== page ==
Skip to main content

Codemasters website hacked, user data stolen

codemasters-logoAdd another high-profile video game company to the list of recent victims of a network security breach. United Kingdom-based developer Codemasters was targeted by hackers in a June 3 break-in that resulted in the theft of user names, addresses, phone numbers and other personal information stored in its database, the BBC reports. Customers were notified of the breach nearly a week after it happened, once the company learned its website had been compromised.

The Codemasters website was also taken offline as soon as the facts became clear. The site will remain offline for “the foreseeable future,” the company says, with browsers now automatically redirecting to a Facebook page. The hackers made off with quite a bit of personal data but no specific payment information. Names, addresses (e-mail and physical), phone numbers, birthdays, passwords, IP addresses, Xbox Live gamertrags and bios. So… basically everything but payment details.

Related Videos

There’s been no indication of why hackers targeted the website, a Codemasters spokesperson told BBC News, or the specific number of users affected. The expectation though is that “tens of thousands” have had their personal information stolen. It’s only the latest such incident in a recent string of high-profile hacker attacks that started in April when Sony‘s servers were breached, leaving PlayStation Network and Qriocity users without access to their accounts for a full month.

Codemasters is known best nowadays for its work on various popular racing games, including the Colin McRae series, the F1 series and FUEL, as well as the Overlord and Operation Flashpoint games. Its been in the game business for a long time, however, notably having designed the popular NES cheat cartridge, the Game Genie.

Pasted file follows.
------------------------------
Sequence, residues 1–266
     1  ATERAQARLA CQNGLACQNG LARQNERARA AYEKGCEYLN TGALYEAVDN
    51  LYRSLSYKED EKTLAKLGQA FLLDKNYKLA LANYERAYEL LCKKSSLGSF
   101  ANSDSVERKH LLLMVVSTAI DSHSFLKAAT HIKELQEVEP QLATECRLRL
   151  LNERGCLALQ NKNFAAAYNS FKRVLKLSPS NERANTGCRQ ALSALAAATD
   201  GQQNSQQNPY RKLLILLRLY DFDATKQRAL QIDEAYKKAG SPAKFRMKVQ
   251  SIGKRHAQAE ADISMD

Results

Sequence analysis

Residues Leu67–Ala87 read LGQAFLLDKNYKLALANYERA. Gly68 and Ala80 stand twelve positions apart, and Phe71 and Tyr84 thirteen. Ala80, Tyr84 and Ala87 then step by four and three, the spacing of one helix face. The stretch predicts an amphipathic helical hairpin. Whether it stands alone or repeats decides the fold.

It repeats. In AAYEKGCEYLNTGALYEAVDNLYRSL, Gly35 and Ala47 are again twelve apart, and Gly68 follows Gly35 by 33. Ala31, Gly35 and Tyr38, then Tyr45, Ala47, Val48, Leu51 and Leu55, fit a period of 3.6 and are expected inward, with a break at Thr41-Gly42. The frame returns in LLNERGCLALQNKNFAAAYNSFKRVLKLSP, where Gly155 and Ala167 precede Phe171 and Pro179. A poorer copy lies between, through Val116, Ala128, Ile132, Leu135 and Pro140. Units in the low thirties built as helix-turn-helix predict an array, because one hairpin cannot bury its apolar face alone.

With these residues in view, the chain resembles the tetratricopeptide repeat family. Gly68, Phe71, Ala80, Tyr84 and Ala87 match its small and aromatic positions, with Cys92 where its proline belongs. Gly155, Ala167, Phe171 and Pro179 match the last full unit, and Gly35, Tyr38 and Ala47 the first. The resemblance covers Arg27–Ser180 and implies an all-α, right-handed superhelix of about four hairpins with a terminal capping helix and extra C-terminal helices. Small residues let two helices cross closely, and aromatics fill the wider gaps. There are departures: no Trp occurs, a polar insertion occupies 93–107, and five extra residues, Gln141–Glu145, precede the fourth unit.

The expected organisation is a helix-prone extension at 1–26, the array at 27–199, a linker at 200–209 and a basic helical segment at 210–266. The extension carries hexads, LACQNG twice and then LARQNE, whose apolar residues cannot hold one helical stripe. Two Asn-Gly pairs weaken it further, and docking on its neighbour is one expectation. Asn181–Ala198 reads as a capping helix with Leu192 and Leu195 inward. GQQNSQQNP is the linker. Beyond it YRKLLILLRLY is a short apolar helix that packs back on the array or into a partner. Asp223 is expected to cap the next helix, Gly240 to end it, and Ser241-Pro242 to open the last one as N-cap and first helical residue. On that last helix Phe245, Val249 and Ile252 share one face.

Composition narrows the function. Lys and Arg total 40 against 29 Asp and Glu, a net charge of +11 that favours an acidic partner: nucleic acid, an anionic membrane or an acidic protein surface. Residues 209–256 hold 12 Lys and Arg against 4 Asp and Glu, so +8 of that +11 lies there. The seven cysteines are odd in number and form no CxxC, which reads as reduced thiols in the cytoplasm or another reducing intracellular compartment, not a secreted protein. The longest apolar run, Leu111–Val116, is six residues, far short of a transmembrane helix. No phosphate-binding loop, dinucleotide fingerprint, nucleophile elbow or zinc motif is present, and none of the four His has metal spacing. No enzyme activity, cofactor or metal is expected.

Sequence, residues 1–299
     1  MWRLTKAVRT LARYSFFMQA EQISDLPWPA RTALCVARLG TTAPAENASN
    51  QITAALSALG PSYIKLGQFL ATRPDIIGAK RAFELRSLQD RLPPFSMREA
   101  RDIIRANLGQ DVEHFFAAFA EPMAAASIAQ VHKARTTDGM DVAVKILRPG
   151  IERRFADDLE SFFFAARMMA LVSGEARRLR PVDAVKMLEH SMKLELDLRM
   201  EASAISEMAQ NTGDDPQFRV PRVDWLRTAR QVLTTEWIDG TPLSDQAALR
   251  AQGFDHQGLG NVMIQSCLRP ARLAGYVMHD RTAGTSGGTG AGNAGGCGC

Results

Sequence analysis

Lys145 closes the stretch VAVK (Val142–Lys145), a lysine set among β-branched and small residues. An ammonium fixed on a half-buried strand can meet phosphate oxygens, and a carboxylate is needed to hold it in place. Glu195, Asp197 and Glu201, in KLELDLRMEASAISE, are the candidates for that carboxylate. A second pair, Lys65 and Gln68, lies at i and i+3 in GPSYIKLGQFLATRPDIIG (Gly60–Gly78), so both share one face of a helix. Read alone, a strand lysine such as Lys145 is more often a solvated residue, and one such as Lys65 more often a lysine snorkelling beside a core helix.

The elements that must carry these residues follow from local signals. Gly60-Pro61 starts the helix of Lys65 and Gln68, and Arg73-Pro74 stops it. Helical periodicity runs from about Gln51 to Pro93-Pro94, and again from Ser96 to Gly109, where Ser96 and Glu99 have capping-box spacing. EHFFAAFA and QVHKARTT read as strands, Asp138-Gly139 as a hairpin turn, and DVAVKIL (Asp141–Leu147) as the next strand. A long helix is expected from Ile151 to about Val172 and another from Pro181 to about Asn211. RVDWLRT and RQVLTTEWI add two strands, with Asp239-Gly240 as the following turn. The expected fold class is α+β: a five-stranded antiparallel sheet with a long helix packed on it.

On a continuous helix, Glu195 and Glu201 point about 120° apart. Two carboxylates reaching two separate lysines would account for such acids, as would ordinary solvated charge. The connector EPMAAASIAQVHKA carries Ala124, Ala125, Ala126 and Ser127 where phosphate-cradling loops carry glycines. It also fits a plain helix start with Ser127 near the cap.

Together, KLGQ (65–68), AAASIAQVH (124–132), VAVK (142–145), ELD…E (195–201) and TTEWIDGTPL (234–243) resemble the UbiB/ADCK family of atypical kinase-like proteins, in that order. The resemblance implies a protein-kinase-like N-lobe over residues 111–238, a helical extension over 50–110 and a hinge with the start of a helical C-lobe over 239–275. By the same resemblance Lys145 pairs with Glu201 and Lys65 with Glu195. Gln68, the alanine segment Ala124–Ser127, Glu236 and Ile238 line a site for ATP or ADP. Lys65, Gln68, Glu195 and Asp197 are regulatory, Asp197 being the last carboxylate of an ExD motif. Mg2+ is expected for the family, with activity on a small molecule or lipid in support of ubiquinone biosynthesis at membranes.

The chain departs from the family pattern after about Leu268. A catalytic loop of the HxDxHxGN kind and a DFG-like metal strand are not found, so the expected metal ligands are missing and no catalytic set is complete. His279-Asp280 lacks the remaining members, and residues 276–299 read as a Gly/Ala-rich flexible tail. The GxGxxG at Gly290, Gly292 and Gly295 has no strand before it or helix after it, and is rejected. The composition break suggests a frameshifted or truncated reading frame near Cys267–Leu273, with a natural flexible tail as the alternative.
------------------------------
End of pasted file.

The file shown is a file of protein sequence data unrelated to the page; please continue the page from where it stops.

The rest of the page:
Editors' Recommendations

Sony defends time it took to notify users of data loss

Amid stories of a plan by hackers to infiltrate Sony servers for a third time, Reuters has obtained a letter from the electronics company's computer  entertainment president, Kazuo Hirai. The letter, dated May 5, was sent to Connecticut Senator Richard Blumenthal, who had accused Sony of acting too slowly in response to last month's massive data breach when millions of users of the PlayStation Network and Qriocity services had their details stolen by hackers.

According to Reuters, Hirai wrote in the letter that the company had responded as quickly as possible in notifying users of the breach. Sony had sent out half a million e-mails an hour to more than 100 million affected users – but Blumenthal claimed this was too slow.

Read more
More trouble for Sony, data of additional 24.6m users at risk

First came the reports of the data theft of up to 77 million accounts held by the Sony PlayStation Network. And now, late on Monday, another 24.6 million accounts can be added to that figure. Executives at Sony must be desperately hoping they've now turned the corner and will not be confronted with more bad news in the coming days and weeks. With such a colossal number of accounts having already been hacked, we're wondering if there are actually any more Sony accounts left for hackers to get hold of.

The latest data theft is connected not with the PlayStation Network hack which occurred last month, but with accounts registered with Sony Online Entertainment (SOE), based in San Diego.

Read more
Hacker forums suggest PlayStation data is up for sale

An article posted late Thursday on The New York Times website pointed toward increasing evidence that hackers had gained possession of the credit card details of millions of Sony PlayStation gamers.

The news follows the recent attack on Sony's PlayStation Network and Qriocity, which prompted Sony to temporarily shut the services down. It is thought that the personal data of more than 75 million users was stolen by hackers who infiltrated the system. The sensitive information included names, addresses, dates of birth and passwords.

Read more